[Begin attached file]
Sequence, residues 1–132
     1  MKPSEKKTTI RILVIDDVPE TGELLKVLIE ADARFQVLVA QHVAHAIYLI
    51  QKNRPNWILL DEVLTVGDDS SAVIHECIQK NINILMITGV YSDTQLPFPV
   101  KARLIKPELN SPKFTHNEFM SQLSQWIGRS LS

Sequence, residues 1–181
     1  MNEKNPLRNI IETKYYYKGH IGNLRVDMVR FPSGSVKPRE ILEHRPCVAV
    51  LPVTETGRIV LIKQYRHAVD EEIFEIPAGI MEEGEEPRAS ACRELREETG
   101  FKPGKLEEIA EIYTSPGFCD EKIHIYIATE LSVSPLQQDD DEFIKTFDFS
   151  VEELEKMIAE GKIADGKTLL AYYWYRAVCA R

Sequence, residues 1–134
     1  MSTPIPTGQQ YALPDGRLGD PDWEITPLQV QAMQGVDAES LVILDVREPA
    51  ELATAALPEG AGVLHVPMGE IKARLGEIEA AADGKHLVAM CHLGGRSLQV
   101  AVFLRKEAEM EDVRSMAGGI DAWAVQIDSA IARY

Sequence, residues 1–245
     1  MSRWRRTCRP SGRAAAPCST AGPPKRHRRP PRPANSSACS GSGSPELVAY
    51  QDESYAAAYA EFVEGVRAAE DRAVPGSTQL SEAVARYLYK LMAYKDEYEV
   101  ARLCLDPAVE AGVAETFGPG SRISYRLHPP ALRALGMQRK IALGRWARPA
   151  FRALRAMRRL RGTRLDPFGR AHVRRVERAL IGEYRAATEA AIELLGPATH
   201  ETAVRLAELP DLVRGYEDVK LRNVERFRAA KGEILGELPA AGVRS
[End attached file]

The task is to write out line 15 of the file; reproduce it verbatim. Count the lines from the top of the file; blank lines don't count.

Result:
     1  MSRWRRTCRP SGRAAAPCST AGPPKRHRRP PRPANSSACS GSGSPELVAY